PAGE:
With the revelation that the three package explosions are connected, Austin police are issuing a warning to people who see packages outside of their home.
Two separate explosions occurred Monday in Austin, capital of the state of Texas, killing a teenager and wounding two women.
Two of the blasts happened within hours of each other, sending police scrambling from one crime scene to the next.
Detectives are linking the incidents to a similar bombing in the city earlier in March, in which a 39-year-old man was killed.
Austin-Travis County emergency medical services tweeted that the later blast left a woman in her 70s with potentially life-threatening injuries and that a second woman in her 80s was being treated for an unrelated medical issue.
On Monday, the 17-year-old found a package outside his house and brought it into the kitchen, where it exploded, Manley said.
Three exploding packages in ten days, leaving two people dead.
Manley said authorities know what kind of explosive devices were used, but they are not revealing details to preserve the integrity of the investigation.
Regarding unexpected or suspicious packages you may find in the front of your home, Chief Manley said, "Under no circumstance should use touch them, move them or handle them in any way".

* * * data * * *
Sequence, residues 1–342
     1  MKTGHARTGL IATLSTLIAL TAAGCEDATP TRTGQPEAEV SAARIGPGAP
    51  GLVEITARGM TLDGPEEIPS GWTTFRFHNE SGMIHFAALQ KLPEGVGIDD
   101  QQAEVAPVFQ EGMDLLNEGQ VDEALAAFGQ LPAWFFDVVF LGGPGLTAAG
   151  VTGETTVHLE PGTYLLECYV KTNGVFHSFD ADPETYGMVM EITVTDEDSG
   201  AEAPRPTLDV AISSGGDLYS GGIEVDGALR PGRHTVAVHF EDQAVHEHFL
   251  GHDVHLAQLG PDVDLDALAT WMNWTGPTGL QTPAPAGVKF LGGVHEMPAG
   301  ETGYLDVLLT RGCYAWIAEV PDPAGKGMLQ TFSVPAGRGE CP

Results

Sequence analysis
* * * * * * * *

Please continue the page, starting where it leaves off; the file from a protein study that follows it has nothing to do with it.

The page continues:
"It's not time to panic", Manley said.
"The damage is significant, and there's a lot of evidence that needs to be collected", Manley said. "It's just a regular family neighborhood", he said. The March 2 blast was initially investigated as a suspicious death, but is now viewed as a homicide. "There's a certain level of skill and sophistication that whoever is doing this has".
After the March 2 explosion, Austin police said they had no indication the blast was related to terrorism. Police said just before noon, they received several calls reporting an explosion in the 6700 block of Galindo Street, near East Riverside Drive and Montopolis Drive. But he said it's not clear the victims knew each other directly, or if they were specifically targeted.
Of the three explosions, two of them happened in the early morning hours. Guerrero says he climbed onto his roof where he could see police walking up to one of his neighbors' homes.
Federal investigators were helping local authorities in the probe.
"High explosives are supposed to be stored properly and securely, so it would be a little more hard to obtain high explosives - unless you're in a job that gives you access to them", Key said.
In the awake of the explosions, Texas governor's office is offering a reward of up to 15,000 USA dollars for any information that leads to the arrest or identification of those involved.
Manley said anyone receiving a package they don't recognize should call 911.
The ATF is processing evidence from the first device at its lab and evidence from the second device will also be sent to an ATF lab for consistency.